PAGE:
A commentary on Bach speaks: a cortical “language-network” serves the processing of music.

From Course 9.71

A commentary on Bach speaks: a cortical “language-network” serves the processing of music.

Koelsch and colleagues (2002), aimed to investigate the neural correlates of music in this paper. Particularly, they wanted to test whether the cortical network comprising music processing overlaps with the regions involved in language processing. They stated that some temporal and frontal single areas related to language had been found to be involved in music processing, but only for “one-part stimuli” (melodies). The network comprising the areas of both Broca and Wernicke had not been found to be related to music processing yet. Koelsch and colleagues speculated that the use of one-part stimuli in previous experiments was the reason why these areas were not shown to be active in music processing. Therefore, they decided to use multipart stimuli (chords) in a fMRI study to investigate the neural correlates of music with respect to the known “language network” in the human brain.

Koelsch et al (2002) designed four experimental conditions using chord-sequences: in key, clusters, modulations, and deviant instruments. They based their conditions on the principles of Western tonal music (major-minor tonal system). Therefore, the in-key condition was simply a sequence of chords in a major key, the cluster condition was a dissonant tone-cluster, the modulation condition was a sequence of chords in the minor key, and the deviant instruments were major chords played by an instrument other than piano. The subjects, ten non-musicians, were instructed to detect deviant instruments and clusters by pressing a right button when no cluster had occurred since the last response and by pressing a left button for deviant instruments. The researchers designed the experiment in this way to focus the attention of the participants on the tone and the harmonic aspects of the stimuli. In addition, no motor response was present in the detection of clusters and the task-irrelevant modulations were investigated as well.

The analysis of the fMRI-data in this study revealed that the clusters, deviant instruments, and modulations activated a very similar broad neuronal network when compared to in-key blocks. The authors discussed that the regions in this cortical network are also well known to be involved in the processing of language. This result, in combination with some previous studies, led Koelsch and colleagues to conclude that the cortical language network was less domain-specific as previously believed.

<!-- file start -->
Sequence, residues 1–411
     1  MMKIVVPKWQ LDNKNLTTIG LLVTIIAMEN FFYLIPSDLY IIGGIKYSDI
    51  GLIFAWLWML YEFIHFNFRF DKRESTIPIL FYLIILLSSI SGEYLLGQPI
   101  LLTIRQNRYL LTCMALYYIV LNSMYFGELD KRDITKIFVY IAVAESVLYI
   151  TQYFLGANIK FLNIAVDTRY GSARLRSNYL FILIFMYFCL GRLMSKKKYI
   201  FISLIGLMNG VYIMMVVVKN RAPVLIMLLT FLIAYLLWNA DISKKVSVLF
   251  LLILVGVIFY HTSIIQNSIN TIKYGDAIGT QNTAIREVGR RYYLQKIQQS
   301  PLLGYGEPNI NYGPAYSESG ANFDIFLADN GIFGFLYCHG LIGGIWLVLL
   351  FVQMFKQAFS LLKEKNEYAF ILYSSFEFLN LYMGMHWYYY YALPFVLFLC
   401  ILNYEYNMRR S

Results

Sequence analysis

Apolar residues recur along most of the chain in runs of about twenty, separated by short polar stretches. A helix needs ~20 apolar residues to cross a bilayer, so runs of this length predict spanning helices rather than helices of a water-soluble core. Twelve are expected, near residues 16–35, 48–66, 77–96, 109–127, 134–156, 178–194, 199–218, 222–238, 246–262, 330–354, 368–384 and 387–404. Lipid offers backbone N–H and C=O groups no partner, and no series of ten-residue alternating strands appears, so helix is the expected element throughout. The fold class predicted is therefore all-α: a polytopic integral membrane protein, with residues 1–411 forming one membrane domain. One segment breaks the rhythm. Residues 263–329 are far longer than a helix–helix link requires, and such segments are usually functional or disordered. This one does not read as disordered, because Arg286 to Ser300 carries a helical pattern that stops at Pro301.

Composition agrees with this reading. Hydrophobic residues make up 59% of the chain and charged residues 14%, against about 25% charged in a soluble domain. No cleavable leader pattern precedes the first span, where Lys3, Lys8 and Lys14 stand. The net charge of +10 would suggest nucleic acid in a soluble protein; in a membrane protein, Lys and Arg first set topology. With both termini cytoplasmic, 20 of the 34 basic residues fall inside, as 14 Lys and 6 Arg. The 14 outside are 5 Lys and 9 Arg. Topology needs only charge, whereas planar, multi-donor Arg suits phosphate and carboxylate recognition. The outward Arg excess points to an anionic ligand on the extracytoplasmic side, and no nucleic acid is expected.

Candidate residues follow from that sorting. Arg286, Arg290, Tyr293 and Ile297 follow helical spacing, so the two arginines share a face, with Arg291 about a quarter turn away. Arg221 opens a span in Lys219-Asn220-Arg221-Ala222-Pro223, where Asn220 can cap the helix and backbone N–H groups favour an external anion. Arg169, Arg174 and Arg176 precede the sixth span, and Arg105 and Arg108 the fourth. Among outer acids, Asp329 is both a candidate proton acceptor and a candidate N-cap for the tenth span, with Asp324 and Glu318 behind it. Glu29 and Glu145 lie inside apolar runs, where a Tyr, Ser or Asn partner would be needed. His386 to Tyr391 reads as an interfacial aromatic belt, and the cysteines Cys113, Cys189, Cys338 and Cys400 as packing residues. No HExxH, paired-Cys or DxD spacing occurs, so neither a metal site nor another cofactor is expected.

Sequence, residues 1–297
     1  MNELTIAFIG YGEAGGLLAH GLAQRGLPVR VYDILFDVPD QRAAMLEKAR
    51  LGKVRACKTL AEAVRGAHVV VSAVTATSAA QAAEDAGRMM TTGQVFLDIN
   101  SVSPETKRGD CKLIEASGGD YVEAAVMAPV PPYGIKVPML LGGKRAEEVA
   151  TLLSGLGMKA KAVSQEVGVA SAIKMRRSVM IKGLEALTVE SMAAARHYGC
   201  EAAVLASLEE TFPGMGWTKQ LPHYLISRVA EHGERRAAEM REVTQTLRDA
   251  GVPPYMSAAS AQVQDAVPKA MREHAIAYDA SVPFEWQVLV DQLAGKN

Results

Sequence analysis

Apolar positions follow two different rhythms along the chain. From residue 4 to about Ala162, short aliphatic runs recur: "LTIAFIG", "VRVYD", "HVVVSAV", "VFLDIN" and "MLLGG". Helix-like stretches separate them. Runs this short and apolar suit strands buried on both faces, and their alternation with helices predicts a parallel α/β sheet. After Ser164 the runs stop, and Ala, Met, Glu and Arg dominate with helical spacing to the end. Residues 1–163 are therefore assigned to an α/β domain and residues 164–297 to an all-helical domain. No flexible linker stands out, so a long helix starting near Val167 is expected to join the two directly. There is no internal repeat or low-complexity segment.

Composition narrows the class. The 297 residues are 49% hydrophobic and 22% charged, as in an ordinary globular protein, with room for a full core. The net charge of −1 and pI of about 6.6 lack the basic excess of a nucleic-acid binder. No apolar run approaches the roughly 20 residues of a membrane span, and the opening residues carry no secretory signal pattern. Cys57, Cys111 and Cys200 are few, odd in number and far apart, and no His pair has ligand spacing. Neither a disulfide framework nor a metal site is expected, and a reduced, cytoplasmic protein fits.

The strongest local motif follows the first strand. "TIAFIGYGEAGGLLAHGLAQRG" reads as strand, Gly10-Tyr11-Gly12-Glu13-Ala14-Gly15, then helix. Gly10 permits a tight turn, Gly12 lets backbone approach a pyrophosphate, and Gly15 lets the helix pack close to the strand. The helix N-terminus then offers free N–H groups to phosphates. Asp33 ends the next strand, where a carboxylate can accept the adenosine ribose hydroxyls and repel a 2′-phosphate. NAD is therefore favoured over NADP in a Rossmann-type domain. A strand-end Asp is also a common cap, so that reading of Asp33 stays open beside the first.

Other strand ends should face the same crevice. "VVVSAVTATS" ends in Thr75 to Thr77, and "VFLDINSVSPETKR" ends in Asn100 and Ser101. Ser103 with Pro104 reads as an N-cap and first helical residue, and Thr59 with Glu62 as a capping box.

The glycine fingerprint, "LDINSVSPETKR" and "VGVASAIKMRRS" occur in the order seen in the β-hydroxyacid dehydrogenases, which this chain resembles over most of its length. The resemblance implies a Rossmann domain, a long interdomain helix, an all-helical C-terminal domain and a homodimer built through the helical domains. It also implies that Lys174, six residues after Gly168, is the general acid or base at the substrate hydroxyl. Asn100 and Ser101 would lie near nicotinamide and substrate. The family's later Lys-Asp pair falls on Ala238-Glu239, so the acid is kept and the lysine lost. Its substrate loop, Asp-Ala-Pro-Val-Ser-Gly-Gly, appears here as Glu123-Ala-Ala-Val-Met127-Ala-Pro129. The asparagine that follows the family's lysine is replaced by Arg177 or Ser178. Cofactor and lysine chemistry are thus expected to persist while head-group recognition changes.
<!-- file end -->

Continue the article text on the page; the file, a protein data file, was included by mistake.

The first shortcoming that I noticed in this conclusion is that assuming a correct fMRI-data analysis, there is not enough evidence to say that this “neural activation overlap” means that both language and music processing share the same network. For instance, two physically distinguishable networks of neurons could be spread across very similar regions in the brain without necessarily being the same ensemble. Alternatively, there could be neurons acting as integration centers in these regions for both language and music networks. However, this does not mean that the language network serves to process music.

Moreover, even when the idea of having one network for music and language processing seems reasonable in terms of a system for acoustical analysis of tones, their explanation of musical semantics for the activation of Wernicke’s area in cluster, modulating, and deviant-instrument sequences seems weak. This is because the fluctuations of chords and instruments do not have a predetermined meaning as signifiers in a language do. Similarly, Koelsch and colleagues concluded that the activation of BA 44 was a result of the syntactic processing of dissonant and minor chords. It is true that there are rules in the construction of melodies in western music, but deviant instruments also elicited areas of music-syntactic processing, which makes this a weak argument as well.

With respect to the group analysis of the fMRI data, a one-sample t-test across the contrast images of all subjects was performed. The problem in this type of analysis is that averaging across participants, whose anatomy is not exactly the same, blurs brain activations and can generate a false overlap of closely adjacent responses that do not actually overlap. A better approach, in this case, would be the determination of regions of interest in each individual and then comparing the brains of the subjects. Furthermore, a multi-voxel pattern analysis would be helpful to identify the arrangements of neural activation for language and music in overlapping regions, supporting the idea that there are distinct or similar networks for these two domains.